The Return of Conan the Librarian
Chapter 13
They rode all the next day through woods that gave way to fields then to farm houses with tended gardens and small villages. As the mile markers counted down toward Dublin, each town seemed to have a busier market square, booths stocked with more goods, better-dressed shoppers. They stopped only briefly to sell the silver trappings from their saddles and replenish supplies--and to eat. Colin had a seemingly insatiable appetite for any kind of fresh food. In the afternoon of the following day, they reached Dublin. 

It was as fair a city as any Conan had seen. The dirt streets were hard-packed and looked as if they were cleaned at night. The sidewalks were brick and every shop door had a broom by it. Through the sparkling glass of the shop windows they saw smiling clerks filling customers bags with a rich array of goods. The sign on the inn on the town square proclaimed it to be The Pilgrim's Rest. Conan and Colin entered. 

The tap room was crowded with travelers and locals. Conan remarked on the volume of business to the waitress who brought their ale. 

"Oh, aye," she replied, "all summer long more and more people. Never seen such a year. Good for the landlord to be sure; nae so good for my feet!" 

"Are they all pilgrims to the Oracle?" Colin asked. 

"Aye, most. But tradesman and suppliers, too. The servants of the Priestess of the mountain been busy themselves." Then she was off to clear glasses from another table. 

"We have followed a true path," Conan said. 

Colin drained half his glass and put it down. "Better than I remembered," he sighed, looking at the glass. Then he looked at Conan. "I don't understand. So maybe they're building something for the Oracle. What could that have to do with the theft of your Temple's magic? The OCLC is a benign oracle, concerned only with providing access to knowledge."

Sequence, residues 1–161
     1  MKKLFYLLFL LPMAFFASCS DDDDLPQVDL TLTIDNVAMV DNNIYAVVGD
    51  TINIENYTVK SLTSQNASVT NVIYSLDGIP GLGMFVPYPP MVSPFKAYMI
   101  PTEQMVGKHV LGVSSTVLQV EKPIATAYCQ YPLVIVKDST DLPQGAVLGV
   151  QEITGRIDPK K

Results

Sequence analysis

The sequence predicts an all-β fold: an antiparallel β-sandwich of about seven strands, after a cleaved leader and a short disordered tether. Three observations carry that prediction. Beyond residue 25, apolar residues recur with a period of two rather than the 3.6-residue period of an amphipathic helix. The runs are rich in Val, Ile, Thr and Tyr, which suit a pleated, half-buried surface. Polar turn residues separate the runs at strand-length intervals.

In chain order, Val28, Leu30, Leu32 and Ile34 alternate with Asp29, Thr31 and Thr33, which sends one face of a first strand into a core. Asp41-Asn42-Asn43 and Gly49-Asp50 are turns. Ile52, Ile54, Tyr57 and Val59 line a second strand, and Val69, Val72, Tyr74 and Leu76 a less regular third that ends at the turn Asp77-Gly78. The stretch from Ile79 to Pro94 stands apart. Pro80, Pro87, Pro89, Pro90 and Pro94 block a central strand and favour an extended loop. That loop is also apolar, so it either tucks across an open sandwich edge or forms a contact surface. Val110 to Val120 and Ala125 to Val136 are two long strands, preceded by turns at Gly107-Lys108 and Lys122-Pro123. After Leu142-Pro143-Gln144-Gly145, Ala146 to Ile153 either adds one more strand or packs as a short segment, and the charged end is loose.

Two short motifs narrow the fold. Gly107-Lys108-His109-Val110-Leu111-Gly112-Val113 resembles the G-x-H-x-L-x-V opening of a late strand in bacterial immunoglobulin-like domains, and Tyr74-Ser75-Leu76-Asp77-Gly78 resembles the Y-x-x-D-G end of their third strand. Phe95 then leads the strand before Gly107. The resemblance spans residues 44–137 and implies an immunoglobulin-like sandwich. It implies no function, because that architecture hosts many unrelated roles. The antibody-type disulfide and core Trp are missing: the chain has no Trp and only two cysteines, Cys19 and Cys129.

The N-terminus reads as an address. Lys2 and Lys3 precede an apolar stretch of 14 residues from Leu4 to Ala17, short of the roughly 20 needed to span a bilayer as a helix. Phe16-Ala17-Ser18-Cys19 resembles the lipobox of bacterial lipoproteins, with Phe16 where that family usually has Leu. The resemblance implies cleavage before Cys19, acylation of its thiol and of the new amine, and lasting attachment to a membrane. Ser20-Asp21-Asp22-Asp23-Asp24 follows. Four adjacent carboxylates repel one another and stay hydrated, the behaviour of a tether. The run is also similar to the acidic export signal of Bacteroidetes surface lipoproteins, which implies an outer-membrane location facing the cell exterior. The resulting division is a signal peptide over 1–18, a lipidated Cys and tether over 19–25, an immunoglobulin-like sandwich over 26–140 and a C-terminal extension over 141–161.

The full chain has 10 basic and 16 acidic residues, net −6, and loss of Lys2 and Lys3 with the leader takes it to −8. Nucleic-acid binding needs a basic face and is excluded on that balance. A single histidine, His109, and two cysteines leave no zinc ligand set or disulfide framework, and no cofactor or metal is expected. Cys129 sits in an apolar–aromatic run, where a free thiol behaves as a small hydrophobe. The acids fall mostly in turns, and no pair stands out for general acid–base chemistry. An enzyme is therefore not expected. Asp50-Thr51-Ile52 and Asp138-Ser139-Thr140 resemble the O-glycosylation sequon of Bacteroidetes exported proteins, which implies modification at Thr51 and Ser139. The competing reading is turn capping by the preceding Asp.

"We shall find out when we get there." Conan drained his glass, tossed their few coins onto the table and rose. Colin opened his mouth to protest, but as Conan's back was already to him, drank quickly instead, put a handful of peanuts in his pocket and followed. 

At the edge of town the road forked. To the south an open road skirted the edge of the forest toward green fields. The sign said: Miamisburg. To the west a narrow track led into a dark wood and up the mountain. The sign said: 

The sun was setting behind the mountain as they rode into the wood. Conan took the lead as the path narrowed. The horses picked their way carefully along the switchbacks. At the steepest part of the mountain, the trail turned left but Conan's horse refused. The bay stallion laid his ears back, flared his nostrils and danced to one side as Conan urged him forward. Behind him, Colin's grey whinnied loudly. The branches of the trees above them rustled as if in a sudden wind. Colin cried out, but Conan never turned to see why because at that moment he was swept from his horse by a creature the size of a tiger that pounced from overhead. 

© 1994, by Hadley V. Baxendale

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